The lexicon of music, wedded to ritual and occasion, cannot always accurately describe the effect of poetry, which finds its origins therein. Too bad, because what I really want to do is describe Horror Vacui as a monotonous dirge, which I cannot say without making it sound like a failure, when in fact the book is anything but. A musical monotone cannot be replicated in poetry, since the note is not fully analogous to the temper or mood poetic tone implies. Poetic monotony isn’t about one sound; it’s about either a single subject or a single attitude, achieving the apotheosis of the form when the former and the latter become indistinguishable. Horror Vacui is indeed monotonous in this way, because it is obsessed with death, and these poems are not death-haunted or dusted with a sugary coating of death. Elegies, epitaphs and practice obituaries: death is the text, no sub about it.

This strikes me as thrillingly unfashionable. The book is Heise’s first; I’m used to seeing first books that spin but slightly the postures of the day, and I cannot really imagine anything less respectful of current fashions for an inventive and imaginative poet in his thirties to pursue than a set of poems that contend exclusively with the effect of his father’s death. I hope this proves inspirational in that it demonstrates that one of the ways to arrive at the “new” is simply to commit to whatever compels you. But regardless of its happy deviation from a set of norms of which I’ve grown heartily sick, Horror Vacu offers an often vertiginous account of how death imposes irresistible fact on minds bent on both accommodating and resisting this one inevitable yet impossible truth. The poems often create the same unease they describe, often by the careful, progressive outlay of symbol-rich ‘fact events’ that do not, in the aggregate, achieve an intelligible story. Rather than introduce a symbol to return to it later to reach clarity, Heise just keeps piling them on, one sentence very much like the next, each establishing an action or scene and then abandoning it. It doesn’t take too long for the reader to feel as if they are in dialogue with someone who has just emerged from trauma so severe it’s taken an immediate existential toll. Consider the title poem, which progresses from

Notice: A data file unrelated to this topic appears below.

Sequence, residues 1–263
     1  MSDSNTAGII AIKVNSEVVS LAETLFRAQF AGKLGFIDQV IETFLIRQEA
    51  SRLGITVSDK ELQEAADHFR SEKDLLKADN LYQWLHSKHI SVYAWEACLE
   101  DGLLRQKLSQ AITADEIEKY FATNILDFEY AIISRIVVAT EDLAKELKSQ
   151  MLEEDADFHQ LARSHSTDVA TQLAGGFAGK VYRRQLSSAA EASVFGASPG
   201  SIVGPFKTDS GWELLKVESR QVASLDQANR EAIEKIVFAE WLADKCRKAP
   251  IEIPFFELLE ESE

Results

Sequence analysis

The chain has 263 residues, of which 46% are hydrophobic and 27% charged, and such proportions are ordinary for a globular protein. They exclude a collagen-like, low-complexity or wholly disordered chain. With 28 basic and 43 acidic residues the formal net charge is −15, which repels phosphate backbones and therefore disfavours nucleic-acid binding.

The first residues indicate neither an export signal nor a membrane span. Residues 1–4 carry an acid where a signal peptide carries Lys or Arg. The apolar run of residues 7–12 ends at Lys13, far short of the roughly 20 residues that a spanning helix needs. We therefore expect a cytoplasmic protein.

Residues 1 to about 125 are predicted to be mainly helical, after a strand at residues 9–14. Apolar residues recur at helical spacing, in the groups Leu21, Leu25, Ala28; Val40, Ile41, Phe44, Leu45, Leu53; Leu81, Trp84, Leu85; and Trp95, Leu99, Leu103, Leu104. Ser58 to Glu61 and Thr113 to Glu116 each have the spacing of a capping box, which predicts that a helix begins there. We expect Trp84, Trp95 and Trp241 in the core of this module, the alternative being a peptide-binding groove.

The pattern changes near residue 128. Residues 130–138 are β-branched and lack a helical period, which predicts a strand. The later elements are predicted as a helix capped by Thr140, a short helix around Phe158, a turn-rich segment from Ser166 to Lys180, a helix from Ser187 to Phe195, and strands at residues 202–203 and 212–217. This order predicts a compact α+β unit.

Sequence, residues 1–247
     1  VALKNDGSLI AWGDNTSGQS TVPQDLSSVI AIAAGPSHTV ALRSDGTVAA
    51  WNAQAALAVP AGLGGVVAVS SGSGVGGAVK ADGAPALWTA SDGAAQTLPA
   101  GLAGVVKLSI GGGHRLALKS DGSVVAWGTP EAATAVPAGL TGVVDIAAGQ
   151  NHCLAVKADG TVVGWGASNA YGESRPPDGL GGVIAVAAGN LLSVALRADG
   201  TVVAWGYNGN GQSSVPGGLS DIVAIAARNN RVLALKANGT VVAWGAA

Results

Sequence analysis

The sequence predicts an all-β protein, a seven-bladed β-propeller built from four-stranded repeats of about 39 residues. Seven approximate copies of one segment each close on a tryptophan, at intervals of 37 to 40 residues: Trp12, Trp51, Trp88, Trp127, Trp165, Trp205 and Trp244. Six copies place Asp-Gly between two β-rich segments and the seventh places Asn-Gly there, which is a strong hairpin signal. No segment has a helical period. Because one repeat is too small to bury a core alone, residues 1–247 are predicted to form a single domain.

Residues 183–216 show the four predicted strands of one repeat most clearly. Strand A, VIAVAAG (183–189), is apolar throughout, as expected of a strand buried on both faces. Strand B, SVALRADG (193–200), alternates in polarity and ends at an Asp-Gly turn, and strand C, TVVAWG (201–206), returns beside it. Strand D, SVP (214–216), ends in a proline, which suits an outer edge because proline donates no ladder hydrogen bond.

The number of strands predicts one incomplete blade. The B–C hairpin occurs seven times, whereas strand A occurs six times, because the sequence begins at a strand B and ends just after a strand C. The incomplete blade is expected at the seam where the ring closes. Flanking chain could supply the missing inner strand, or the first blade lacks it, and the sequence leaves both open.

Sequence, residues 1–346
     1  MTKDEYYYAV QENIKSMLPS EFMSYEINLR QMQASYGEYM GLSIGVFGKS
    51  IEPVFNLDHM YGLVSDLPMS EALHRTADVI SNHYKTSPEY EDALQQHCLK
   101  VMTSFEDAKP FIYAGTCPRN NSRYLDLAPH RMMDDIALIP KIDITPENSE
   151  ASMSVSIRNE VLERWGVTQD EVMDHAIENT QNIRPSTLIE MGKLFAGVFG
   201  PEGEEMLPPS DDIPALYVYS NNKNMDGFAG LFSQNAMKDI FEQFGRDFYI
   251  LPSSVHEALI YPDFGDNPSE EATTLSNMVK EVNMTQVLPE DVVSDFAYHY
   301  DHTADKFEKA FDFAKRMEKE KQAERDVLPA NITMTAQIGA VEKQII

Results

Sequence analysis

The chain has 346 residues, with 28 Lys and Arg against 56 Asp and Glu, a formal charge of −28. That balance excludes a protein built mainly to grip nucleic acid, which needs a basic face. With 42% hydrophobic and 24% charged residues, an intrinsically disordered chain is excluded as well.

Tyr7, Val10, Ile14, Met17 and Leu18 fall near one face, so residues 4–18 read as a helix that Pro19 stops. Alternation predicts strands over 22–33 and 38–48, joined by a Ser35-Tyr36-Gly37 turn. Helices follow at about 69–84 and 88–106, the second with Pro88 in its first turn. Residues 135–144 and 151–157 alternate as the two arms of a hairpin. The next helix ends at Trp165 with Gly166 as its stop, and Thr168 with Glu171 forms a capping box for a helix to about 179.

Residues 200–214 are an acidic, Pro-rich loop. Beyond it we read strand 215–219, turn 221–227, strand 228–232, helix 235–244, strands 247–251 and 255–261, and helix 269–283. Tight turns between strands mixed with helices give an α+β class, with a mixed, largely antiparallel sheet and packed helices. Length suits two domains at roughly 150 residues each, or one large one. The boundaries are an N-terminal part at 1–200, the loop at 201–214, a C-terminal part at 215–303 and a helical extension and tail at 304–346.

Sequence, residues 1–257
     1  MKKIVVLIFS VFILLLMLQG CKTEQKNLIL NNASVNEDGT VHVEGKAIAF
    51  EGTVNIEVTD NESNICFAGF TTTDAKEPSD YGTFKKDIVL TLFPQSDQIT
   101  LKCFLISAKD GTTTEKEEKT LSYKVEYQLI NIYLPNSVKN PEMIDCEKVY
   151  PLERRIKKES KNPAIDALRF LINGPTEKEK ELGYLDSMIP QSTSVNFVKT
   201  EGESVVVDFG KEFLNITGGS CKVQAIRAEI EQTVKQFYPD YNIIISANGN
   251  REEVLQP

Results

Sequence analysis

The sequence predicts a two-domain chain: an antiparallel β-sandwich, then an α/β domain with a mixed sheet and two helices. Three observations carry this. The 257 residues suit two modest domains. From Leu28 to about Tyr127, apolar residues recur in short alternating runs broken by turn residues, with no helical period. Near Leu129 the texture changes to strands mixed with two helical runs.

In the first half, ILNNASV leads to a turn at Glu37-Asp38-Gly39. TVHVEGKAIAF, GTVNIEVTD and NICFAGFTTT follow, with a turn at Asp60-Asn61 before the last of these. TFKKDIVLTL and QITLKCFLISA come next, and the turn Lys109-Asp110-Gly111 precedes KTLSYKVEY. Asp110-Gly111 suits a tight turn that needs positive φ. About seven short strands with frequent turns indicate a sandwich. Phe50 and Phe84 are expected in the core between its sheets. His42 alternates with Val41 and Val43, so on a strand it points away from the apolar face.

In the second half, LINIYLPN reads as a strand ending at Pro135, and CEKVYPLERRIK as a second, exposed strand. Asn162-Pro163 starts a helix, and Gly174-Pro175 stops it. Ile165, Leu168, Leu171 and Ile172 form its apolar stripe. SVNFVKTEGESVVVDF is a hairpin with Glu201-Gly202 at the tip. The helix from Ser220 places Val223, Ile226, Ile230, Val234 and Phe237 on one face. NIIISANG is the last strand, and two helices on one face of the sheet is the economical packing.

These charred acres you have

created: your hermitage I will

inherit in the pages of my most

secret book. A train writes its way

like a dotted line through the white

valley. There is ash in the air, as I go

forth in daylight, as I wade home

at evensong. The moon vibrant

as a rung bell releases birds

from my mouth. In my hand I hold

a tuning fork and clang the weather

vane, I strike my hand on the garden

wall and am returned a dull sound.

to conclude with this:

What shelter shall I assemble against

this? Could I hammer a narrow boat

from this old barn’s frame. Could I

assemble an empty boat from this

old hammered frame? Could I frame

an empty boat for this old body’s

frame? I could frame an empty body

in this old broken frame? Shall I

break an old body to fit this narrow

old frame?

While I’m impatient with the limited arsenal of symbols (what I’ve come to think of as the Ingmar Bergman Box Set) and the light surrealism, I do appreciate the way this poem allows itself to fall apart, to witness its own undoing. I also see how the perfect monotypic columns (a device Heise uses repeatedly) suggest a firm line drawn around a language impulse that clearly requires strictly applied control, lest the fact events slip into endless, futile self-replication, forever trudging up the hill of the uncanny only to fall back down again, before any evaluative vantage can be reached.